From Assisi to Chicago: Krista Tippett’s Ventures on Twitter and Elsewhere
“Off to the place I love best: the airport!”
These words Krista uttered with a twinkle in her eye and a bit of tongue-in-cheek pithiness as she rushed out of the studio on her way to Chicago. But didn’t she just tweet something about returning home, you ask? Yes, yes she did:
Off the plane, hug my son, do yoga – back on the ground and in my body. A relief. Life’s simplest moorings to dignity.
I’d venture that Esther Sternberg, our guest on this week’s show on the science of healing places, would recommend finding a well-designed space with some windows, a view of some trees, and a labyrinth in Minneapolis-St. Paul Airport to help reduce her physical stress levels. If you’ve got some recommendations for places to escape, leave her a tweet at @KristaTippett. She’s all about Twitter now!
As you might recall, Krista was in Assisi, Italy until Monday this week. There she met a smart young duo from Brooklyn, John Cary and Courtney Martin, who attended her breakout session with NYU film professor Marco Williams on the role of love in the media and journalism. Ms. Martin (@courtwrites) quoted Krista on Twitter:
We are turn of century people, living in a remarkable moment in history, revisiting basic questions & assumptions. @kristatippett
The great challenge is how we live together, into a peaceable future, while holding passionate disagreement. @kristatippett
It wasn’t all work though — a mix of sweets…
Taking a break from holiness in Assisi and admiring the meringues.
Cioccolata con Panna. There is a God.
… and contemplation:
The fine, porous line between passion and ego. The precipice between righteous and self-righteous.
Two days after her return, she interviewed Frances Kissling and David Gushee on life and choice at the Humphrey School of Public Affairs. While preparing, she asked:
What if life and choice are both gifts, not rights? How would we have to take up this matter differently?
To which Fr. Chip Hines (@Chines), a Catholic priest from Medford, Massachusetts, responded:
@kristatippett life is a gift not a right, we do not choose to be born, God chooses us for a purpose, our choice is how we live out the gift
And Krista also recommended reading “Talking with the Enemy”, an “astonishing, under-noticed report after five years of a secret abortion dialogue in Boston” from the Public Conversations Project:
“Since that first fear-filled meeting, we have experienced a paradox. While learning to treat each other with dignity and respect, we all have become firmer in our views about abortion.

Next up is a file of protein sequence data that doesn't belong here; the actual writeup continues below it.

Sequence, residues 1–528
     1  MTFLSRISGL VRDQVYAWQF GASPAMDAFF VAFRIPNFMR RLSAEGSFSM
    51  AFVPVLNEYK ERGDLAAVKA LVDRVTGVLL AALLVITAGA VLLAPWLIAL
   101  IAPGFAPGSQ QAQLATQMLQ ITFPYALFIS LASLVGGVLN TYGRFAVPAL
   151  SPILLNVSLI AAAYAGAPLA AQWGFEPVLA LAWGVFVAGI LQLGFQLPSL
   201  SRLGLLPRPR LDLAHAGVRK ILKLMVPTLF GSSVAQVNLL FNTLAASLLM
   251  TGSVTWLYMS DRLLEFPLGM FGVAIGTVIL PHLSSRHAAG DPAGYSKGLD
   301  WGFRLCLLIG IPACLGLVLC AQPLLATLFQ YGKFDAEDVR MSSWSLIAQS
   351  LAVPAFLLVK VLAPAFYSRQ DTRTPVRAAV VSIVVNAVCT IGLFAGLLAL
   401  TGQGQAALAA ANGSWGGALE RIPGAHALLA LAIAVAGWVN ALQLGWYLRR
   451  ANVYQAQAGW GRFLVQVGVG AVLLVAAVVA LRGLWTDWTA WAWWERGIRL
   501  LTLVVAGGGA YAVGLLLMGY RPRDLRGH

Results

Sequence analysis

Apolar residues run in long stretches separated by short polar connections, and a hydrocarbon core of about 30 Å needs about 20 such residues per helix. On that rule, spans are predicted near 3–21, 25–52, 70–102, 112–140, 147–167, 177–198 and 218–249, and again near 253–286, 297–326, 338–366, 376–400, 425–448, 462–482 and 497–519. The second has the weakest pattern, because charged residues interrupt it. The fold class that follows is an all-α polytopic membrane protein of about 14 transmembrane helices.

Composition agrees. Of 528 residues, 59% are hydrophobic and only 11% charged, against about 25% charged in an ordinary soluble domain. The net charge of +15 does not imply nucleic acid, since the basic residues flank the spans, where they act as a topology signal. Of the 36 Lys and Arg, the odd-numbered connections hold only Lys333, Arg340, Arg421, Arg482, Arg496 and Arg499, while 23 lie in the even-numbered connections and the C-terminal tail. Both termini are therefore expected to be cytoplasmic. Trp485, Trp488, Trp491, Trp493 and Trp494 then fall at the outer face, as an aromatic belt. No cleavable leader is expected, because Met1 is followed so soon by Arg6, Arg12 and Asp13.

We hope this account of our experience will encourage people everywhere to consider engaging in dialogues about abortion and other protracted disputes. In this world of polarizing conflicts, we have glimpsed a new possibility: a way in which people can disagree frankly and passionately, become clearer in heart and mind about their activism, and, at the same time, contribute to a more civil and compassionate society.”
We did receive some criticism for holding this Civil Conversations discussion on a sacred Jewish holiday. Joan Eisenstodt tweeted:
@kristatippett Interesting program in Minneapolis tomorrow – stunned it’s being held on Yom Kippur. Would it have been held on Christmas?!
It’s a fair question. In the rush to book dates and busy travel schedules of our speakers, we neglected to check our calendars. We hope the serious discussion that ensued was respectful of this most solemn day in the Jewish year. Our deepest apologies.
But, we weren’t totally unaware of the High Holy Days. On our Facebook page and Twitter, we hearkened back to our show on the Days of Awe”:
This interview with Rabbi Sharon Brous should be required listening for so many of us. And, with the High Holy Days in full swing, it couldn’t be more relevant!
And, we blogged two delightful pieces: Shari Motro’s joyful lamentation over sealed spaces and the lessons Rosh Hashanah — and the High Holy Days — teaches when we have access to the gifts of our natural environment, and Tablet Magazine’s e-cards for the High Holy Days, a humorous, light-hearted (and slightly irreverent) approach from inside the tradition.
And, we continue to solicit your advice and feedback on this newsletter. Ruth Cromwell was kind enough to send us this note:
“The snippets from your travels in this email newsletter are wonderful; entices me to read on. And I do, with downloading podcasts, listening to them as I take my walks. Inspirational and informative walking!”
And, Roberta Young left us with this thought:
“I am blessed by this email. Would like to see more Bible quotes when possible. Thanks and Blessings to all.”
Please, send us your comments so we can make this newsletter (Is “newsletter” an outdated term?) serve you better.
Get hold of us any way you like: reply to this email, contact us on our website, share your suggestions and critiques on Facebook or Twitter (@beingtweets, @KristaTippett, @TrentGilliss).